Genre: Multicultural, Drama, Indian

Review: I have read almost all of Umrigar’s books, and loved them all. This is her latest book that came out recently, in January 2012. And being a big fan of Umrigar’s work, I knew I had to read it. She is one author who can simply reach into me and twist my gut and make me feel as if I have been through a cloth-wrencher (if there is something like that, but that is the only way to describe how I feel). The only way I can put this is that she gets pain. And she knows how to pen it down so that pain leaps up from the written page and gets deep inside your soul and erupts there. Her books leave me thoughtful, pensive, sad. I only wish I could write like that one day.

She writes about four women, Armaiti, Nishta, Kamala and Laleh, who were incredibly close friends in college. Life takes them into different paths and ways, and they all but lose contact with each other. Armaiti goes to the US for graduate studies and stays there, Kamala becomes one of Mumbai’s top architects (and is a closet gay), Laleh marries well and Nishta- well, Nishta is where the book centers. Nishta is the change when a girl becomes a resigned woman. Nishta is the slow resentment that comes from giving up bits and pieces of yourself over time. Nishta is the triumph of indifference over spirit. And yet, in the end, Nishta is hope. Nishta is resurrected?

The book begins with Armaiti finding out that she has only a few months left to live. And she wants to meet her friends from college before the end. The book traverses this journey, of how her friends get together and get ready to go. It goes through the stories and histories of each of these women, their lives, their families. How their pasts were gradually eradicated by a merciless present. How life, culture, society and religion changed them.

The center plot of the story is about Nishta, whose husband does not allow her to go to the US to visit Armaiti. The other two women do not give up and somehow make it happen. The scheming, the plotting, the constant terror of him finding out is played out superbly. A beautiful description of how a spirited and feisty young woman is now a resigned, scared, broken housewife. In the end, how she manages the courage to escape. For the bonds are of love and a lifetime together. Yet, they are bonds that hold her down and stifle her.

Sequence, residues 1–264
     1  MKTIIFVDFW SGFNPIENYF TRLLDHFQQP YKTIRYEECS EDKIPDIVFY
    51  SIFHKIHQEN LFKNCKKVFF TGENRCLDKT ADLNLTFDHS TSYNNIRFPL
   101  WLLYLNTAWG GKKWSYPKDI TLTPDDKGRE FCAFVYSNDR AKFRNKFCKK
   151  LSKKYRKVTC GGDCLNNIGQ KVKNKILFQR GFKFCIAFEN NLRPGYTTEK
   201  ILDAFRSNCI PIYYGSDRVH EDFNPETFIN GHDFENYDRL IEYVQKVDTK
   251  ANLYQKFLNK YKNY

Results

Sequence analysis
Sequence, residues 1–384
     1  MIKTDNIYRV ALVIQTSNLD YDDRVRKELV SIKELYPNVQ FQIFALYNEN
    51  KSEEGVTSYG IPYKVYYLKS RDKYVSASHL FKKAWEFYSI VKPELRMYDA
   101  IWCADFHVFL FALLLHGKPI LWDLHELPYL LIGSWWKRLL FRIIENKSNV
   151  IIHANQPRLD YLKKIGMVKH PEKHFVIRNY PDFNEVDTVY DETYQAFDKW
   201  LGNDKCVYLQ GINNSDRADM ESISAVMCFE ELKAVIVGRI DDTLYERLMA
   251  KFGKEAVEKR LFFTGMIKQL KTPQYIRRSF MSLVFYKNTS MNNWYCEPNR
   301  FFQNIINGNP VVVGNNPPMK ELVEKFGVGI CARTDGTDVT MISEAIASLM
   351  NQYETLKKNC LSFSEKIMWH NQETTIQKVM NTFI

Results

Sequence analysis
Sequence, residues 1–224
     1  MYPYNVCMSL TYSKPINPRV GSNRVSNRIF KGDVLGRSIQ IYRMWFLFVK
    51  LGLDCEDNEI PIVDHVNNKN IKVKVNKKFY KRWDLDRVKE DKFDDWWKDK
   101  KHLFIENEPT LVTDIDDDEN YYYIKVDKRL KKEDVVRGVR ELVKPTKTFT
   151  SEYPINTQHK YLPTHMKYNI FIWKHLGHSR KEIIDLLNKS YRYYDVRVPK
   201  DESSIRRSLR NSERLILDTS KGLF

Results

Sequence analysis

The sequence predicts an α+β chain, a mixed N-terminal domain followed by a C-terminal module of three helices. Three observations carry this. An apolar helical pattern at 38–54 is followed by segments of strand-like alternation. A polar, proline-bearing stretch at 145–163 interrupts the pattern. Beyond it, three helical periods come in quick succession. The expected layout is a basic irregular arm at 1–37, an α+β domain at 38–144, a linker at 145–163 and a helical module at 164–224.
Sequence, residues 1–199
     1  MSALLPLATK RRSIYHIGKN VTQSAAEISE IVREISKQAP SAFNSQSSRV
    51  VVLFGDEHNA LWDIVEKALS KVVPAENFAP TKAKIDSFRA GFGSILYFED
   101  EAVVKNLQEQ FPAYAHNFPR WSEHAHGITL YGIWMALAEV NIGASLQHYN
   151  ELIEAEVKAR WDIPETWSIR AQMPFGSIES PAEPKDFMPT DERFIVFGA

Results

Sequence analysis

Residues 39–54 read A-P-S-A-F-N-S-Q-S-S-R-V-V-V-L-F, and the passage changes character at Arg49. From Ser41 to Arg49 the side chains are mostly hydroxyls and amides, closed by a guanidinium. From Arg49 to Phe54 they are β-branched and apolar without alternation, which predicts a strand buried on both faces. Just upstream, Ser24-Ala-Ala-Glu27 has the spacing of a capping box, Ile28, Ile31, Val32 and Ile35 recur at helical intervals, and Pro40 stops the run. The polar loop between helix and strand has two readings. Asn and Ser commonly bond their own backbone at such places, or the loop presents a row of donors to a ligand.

Armaiti’s gradual degeneration, Nishta’s struggles, Laleh’s obstinacy, Kavita’s bitterness- all combine to form a tapestry of intense emotion. Emotion that will take your heart hostage and make you sob for them. Make you realize that life is not black and white, just unfair. Just horribly unfair and painful. Because bad things happen, and we are colored by them. Our reactions are results of what happens to us. How things change, how dreams change, how people change. How the world we find is the world we create.

Friday, January 20, 2012

Neanderthal Man: Bitchfest Episode 2

After a long time, here I present to you the next version of Bitchfest. Been a long time coming, but then I am such a sweet and tolerant person that it really takes a lot to infuriate me ;-) (oh, the sarcasm and irony! Especially when I have documented here my long time struggle to conquer anger). Anyway, I digress. Lets go back to the point of this post, ranting ;-)

So I recently had the (mis)fortune to meet this guy. And he has been kind enough to express some of his views about women and their "duties" to their husbands. He often talks about how women need to cook for their husbands, no matter whether women work or not. After all, it is a woman's duty to cook for the poor guy, since he can not be expected to do so himself. When I tried to point out to him that maybe this thought process was not completely correct- men need to contribute too- he shot back at me, so don't you cook for your husband? Since of course, in his mind, that was the clinching argument.

A few days ago, I met him again as part of a large group, and he started talking about how men work so much more and have more tension in their lives, as compared to women/ wives! Oh well! Men who work less hours than their wives, come home sooner, and sit on the couch watching TV, waiting for their wives to come home and cook and clean. When we (me and some other infuriated women in the group) told him that actually working women work a lot more- since we work both at home and office- he said that of course we could give up working. Outside the home. Not that men could contribute more so that women's lives could be a bit easier, but women who had problems handling both should just give up work. He then added after all, that it is the wife's duty to take care of the husband. Since men work outside the home (and of course, women need not).